Murder on the Orient Express (Third Review!)
No need to repeat myself too much in these dual reviews, of this one and the 2017 re-make. The passage of 43 years gave Kenneth Branagh a fine set of new visual tools not available to Sidney Lumet, and Branagh made good use of them. But time did not provide Branagh with the incredible star power of the original cast. Dig this: Sean Connery, Lauren Bacall, Martin Balsam, Ingrid Bergman (Academy Award for Best Supporting Actress), Jacqueline Bisset, Jean-Pierre Cassel, John Gielgud, Wendy Hiller, Anthony Perkins, Vanessa Redgrave, Richard Widmark, Michael York. Giants! I won’t denigrate the cast of the new one, they work hard and deliver good performances. But let’s face it, Penelope Cruz, Willem Dafoe, Judi Dench, Johnny Depp, and Michelle Pfeiffer are all good actors, but not a one of them has the strong screen presence of the original cast.
And then, of course, there are Albert Finney and Kenneth Branagh. And there is just no question, Finney nailed Poirot, and Branagh just skated around him. I wonder if at some point he realized the hubris of going up against one of the greatest screen performances of all time? And if he realized he came up wanting? This film got six Oscar nominations. In any other year Finney would have gone home with the gold, but it was a very strong year: Dustin Hoffman in Lenny, Jack Nicholson in Chinatown, Al Pacino in The Godfather, Part II. The Oscar went to the weakest of the five, in my opinion: Art Carney in Harry and Tonto. Loved it, loved him in The Late Show and many others, but it didn’t compare to the other four. Hard choice. For me, it was Finney or Nicholson, depending on what day you ask me.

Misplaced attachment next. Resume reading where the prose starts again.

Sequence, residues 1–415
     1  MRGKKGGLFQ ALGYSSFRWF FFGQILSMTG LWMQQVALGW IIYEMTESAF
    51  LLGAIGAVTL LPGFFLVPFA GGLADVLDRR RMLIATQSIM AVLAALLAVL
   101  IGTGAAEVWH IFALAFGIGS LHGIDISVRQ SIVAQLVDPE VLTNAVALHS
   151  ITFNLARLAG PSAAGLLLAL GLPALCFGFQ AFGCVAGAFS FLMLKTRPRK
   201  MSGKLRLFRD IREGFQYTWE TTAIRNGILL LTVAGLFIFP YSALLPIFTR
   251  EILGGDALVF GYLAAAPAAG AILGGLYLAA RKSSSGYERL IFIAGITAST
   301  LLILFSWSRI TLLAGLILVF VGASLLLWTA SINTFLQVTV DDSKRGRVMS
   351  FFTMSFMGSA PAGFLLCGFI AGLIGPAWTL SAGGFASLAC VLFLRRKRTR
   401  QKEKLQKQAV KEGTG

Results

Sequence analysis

And I must mention the music. The 2017 has a pretty generic score. This one was brilliant. There is a lilting waltz theme that plays behind any scene where there is motion. It is all lush and romantic, the perfect backing for the lushness of the train and the sumptuous costumes of the cast. I think Richard Rodney Bennett should have won Best Original Score. It went to Nino Rota and Carmine Coppola instead.
Two more things to note. This movie begins with a haunting sequence, a montage in darkness and newspaper headlines, showing the kidnapping and death of little Daisy Armstrong that is heartbreaking in itself. It is a masterpiece that could stand on its own as a short film. Branagh doesn’t handle it nearly as well, scattering the story through the film. And one of the great scenes of all time: The Orient Express, sitting massively on the tracks in Istanbul, gathering steam as the theme builds behind it, and it begins to move, slowly, slowly, the great wheels and tie rods moving faster and faster … I get goose bumps whenever I see it, and I must have seen it seven or eight times by now. The DVD extras show just how hard it was to get that shot, given the technology of the day. They had one shot at it, and the cinematographer, Geoffrey Unsworth, pulled off a miracle.